Jennifer Neville, Special to The Catholic Virginian

Katinka de Aguilar was brimming with excitement when she received the sacraments of initiation on Easter at Our Lady of Mount Carmel Parish (OLMC) in Newport News.

“I can’t stop smiling,” she told The Catholic Virginian the next day.

Indeed, the Panama native was overcome with joy when she was baptized, confirmed and received her first Eucharist at the Hispanic Mass. Mostly, she smiled, but sometimes she wept with happiness.

De Aguilar speaks no English, so her son-in-law, Juan Rodriguez, translated the interviews. She spoke quietly and shyly as she described her life and the faith that has sustained it.

She has wanted to be a Catholic since childhood, and now, at age 52, she has made that desire a reality. Adding special meaning to her initiation was that her daughter Kathia, now Kathia Rodriguez, 30, was confirmed at the same Mass. They were among 14 people to receive sacraments of initiation at that Mass.

The youngest of six children, De Aguilar has gone to Mass since she was a child, but when she was eight, her mother became a Jehovah’s Witness due to the wishes of de Aguilar’s overbearing grandmother who had chosen that path for herself. By then, de Aguilar’s eldest four siblings had already been initiated into the Catholic Church; her other brother later secretly became a Catholic when he was 13.

De Aguilar said she did not join the Church as a child out of respect for her mother. Nevertheless, de Aguilar, in love with Catholicism’s beliefs, including the consecrated Body and Blood of Christ and the sanctity of saints, raised both of her children, Kathia and Katherine, in the Catholic faith. They were baptized and celebrated their first Eucharist as children.

The new convert said she didn’t seek the sacraments of initiation for herself once she was an adult because she was busy raising her daughters and was especially overwhelmed when Kathia, at age 9, was diagnosed with jaw cancer. Nine srgeries in nine years, radiation and chemotherapy meant Kathia had to be homeschooled online instead of going to school with her friends.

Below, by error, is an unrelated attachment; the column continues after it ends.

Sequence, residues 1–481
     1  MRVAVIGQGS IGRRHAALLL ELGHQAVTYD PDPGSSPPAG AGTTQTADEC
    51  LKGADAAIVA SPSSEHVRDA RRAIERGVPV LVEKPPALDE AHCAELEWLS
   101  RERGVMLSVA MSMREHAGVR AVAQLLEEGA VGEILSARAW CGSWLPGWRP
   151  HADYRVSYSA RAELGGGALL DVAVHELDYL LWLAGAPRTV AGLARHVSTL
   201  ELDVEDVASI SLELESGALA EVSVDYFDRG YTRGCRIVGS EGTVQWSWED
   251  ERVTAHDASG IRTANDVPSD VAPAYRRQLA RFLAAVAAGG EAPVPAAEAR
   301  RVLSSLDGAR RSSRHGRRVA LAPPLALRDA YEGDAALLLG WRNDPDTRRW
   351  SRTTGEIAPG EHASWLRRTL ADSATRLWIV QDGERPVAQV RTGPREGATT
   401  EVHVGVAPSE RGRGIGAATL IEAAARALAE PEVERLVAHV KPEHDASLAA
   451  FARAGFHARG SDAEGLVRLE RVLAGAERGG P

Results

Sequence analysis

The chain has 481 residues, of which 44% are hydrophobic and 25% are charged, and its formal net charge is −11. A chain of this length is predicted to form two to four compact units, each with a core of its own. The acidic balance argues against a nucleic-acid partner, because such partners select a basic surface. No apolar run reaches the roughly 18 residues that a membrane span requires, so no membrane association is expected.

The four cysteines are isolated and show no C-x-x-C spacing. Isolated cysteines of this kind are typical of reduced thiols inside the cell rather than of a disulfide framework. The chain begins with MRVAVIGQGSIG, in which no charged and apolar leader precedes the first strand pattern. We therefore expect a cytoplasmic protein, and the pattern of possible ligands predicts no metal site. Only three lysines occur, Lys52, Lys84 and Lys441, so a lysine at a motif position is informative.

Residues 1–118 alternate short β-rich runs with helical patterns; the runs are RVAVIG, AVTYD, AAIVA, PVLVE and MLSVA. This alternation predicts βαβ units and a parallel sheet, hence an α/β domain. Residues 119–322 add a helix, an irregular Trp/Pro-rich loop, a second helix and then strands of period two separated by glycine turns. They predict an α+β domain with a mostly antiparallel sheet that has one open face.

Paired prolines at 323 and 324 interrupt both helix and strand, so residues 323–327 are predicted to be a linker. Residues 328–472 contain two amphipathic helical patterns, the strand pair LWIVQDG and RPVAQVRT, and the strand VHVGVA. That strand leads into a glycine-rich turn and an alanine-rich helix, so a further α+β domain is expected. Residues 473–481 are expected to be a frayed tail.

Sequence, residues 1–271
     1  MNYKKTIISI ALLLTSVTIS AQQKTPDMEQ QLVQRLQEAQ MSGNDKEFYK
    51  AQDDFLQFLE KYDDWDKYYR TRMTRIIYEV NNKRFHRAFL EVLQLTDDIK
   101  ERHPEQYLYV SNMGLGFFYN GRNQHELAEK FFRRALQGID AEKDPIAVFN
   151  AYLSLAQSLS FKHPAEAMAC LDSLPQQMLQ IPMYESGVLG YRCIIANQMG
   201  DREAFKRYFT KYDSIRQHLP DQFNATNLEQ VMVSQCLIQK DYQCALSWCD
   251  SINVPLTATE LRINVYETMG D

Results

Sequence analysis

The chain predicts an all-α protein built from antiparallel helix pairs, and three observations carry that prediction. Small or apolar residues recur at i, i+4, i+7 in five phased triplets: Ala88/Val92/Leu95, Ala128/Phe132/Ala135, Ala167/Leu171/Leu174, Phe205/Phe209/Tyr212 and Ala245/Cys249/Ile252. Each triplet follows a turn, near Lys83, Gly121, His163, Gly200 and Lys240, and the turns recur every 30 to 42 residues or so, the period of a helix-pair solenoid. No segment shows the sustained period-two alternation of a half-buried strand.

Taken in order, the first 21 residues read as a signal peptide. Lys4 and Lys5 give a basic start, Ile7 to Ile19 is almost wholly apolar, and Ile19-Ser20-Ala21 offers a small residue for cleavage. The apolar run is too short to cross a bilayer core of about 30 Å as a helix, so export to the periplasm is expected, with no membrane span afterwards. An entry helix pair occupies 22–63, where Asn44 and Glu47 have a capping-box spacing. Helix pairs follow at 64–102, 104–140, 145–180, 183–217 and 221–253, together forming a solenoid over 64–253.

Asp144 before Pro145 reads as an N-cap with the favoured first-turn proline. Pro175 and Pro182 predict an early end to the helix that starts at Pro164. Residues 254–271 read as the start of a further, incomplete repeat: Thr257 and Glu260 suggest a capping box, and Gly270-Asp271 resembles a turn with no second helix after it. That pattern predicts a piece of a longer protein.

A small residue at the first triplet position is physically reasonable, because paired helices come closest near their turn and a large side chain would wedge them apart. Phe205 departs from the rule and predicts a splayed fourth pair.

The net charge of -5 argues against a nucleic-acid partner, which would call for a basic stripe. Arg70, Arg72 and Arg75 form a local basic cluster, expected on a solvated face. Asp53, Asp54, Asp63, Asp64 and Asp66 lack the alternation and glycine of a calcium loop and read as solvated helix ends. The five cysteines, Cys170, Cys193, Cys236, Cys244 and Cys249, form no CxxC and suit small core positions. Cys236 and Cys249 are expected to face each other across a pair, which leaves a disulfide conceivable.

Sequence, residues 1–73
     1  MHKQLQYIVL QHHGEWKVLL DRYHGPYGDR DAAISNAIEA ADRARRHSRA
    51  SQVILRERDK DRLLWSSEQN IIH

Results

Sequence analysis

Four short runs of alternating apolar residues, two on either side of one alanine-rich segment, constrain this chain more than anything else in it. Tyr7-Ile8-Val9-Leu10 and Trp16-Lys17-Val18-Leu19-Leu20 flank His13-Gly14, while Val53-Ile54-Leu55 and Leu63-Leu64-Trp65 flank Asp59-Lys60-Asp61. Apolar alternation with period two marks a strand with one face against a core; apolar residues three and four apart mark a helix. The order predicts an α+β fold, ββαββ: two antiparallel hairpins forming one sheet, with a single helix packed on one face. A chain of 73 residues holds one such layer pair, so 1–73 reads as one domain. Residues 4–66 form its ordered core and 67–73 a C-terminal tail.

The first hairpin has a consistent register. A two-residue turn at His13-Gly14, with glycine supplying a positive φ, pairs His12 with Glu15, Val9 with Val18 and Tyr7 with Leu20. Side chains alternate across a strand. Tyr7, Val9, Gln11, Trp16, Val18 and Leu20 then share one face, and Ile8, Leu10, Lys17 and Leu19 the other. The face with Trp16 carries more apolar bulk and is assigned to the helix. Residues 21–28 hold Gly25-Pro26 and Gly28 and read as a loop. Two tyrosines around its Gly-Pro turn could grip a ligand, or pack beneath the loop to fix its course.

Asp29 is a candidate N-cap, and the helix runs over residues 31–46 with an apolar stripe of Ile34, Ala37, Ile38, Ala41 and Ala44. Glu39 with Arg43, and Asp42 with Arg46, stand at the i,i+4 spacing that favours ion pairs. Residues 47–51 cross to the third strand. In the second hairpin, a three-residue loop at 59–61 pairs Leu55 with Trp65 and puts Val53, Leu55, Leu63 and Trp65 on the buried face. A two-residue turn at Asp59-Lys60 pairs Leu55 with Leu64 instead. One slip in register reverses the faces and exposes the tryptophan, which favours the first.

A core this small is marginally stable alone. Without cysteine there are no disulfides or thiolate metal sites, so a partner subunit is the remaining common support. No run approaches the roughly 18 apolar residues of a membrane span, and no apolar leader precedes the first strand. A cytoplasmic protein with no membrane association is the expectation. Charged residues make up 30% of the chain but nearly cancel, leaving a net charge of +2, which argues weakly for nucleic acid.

When other children were learning to ride bikes and going to school dances, Kathia spent months recovering in the hospital and at home. A final surgery when she was 18 years old cut her jaw bone practically from ear to lips. Doctors were confident that Kathia was cancer free.

Each time she was hospitalized, de Aguilar was at her bedside, often eating, sleeping and showering in the hospital before dashing off to work. Meanwhile, her husband cared for Katherine at home.

Both Kathia and de Aguilar said faith sustained them. They prayed for peace, strength and recovery. De Aguilar said she prayed reverently and “things just fell into place” — such as Kathia’s recovery after each surgery and new availability of money to pay mounting medical bills.

Kathia, for whom her husband also translated, said that as a child she questioned God as to why she had to struggle with cancer, but her faith did not waver. She believed God has a plan for her.

“She says she doesn’t know what it is, but she knows it is something good,” her husband said.

Lisanette Torres, family friend and Kathia’s confirmation sponsor, said such perspective makes the women inspirational.

“We all have a lot of problems in life, but when you see people like that with their love and trust in Jesus, then you recognize how lucky you are,” she said. “It’s amazing.”

Having studied hotel management and tourism in Panama, Kathia came to the United States in 2005 to learn English, a few months after her final surgery. Here she met Juan, who is in the Navy and was stationed in Hampton Roads. They married in 2007.

In December 2007, de Aguilar came to the United States to care for her daughter who was eight months pregnant and to care for her first grandchild, Carlos, who was born the following month. She stayed in the United States longer than expected because her daughter developed a pulmonary embolism that summer. De Aguilar has remained in the country helping out in the home and caring for Carlos, 10, and Alexia, 7.

De Aguilar has attended Mass with the family since she arrived in the United States. In early 2015, Juan asked her why she never went to confession or received Communion. She told him she had not been baptized, partly because she was too reticent to ask how.

He promised to help her learn the process of becoming a Catholic when he returned from a nine-month deployment. During that time, he attended Rite of initiation of Adults (RCIA) classes and was confirmed. He has accompanied his wife and mother-in-law to many of their RCIA classes to help as needed.

“They really experienced this whole affair as a family,” said Father Joe Goldsmith, parochial vicar at OLMC. “There’s a real tightness to the family. They are almost always together. It’s really lovely to see that.”

The family prays together more, says the rosary and prays the Divine Mercy Chaplet daily, Juan said.

Deacon Francisco Anleu, Hispanic ministry coordinator, said de Aguilar has been “thirsty for knowledge of the faith” throughout the RCIA process. He said she goes to Bible study, attended the Lenten mission and has been on retreats.

Juan added that she watches Masses, and prays the rosary and the Divine Mercy Chaplet daily through EWTN programming.  She said it brings her peace, comprehension and joy — and she said it while brimming with excitement.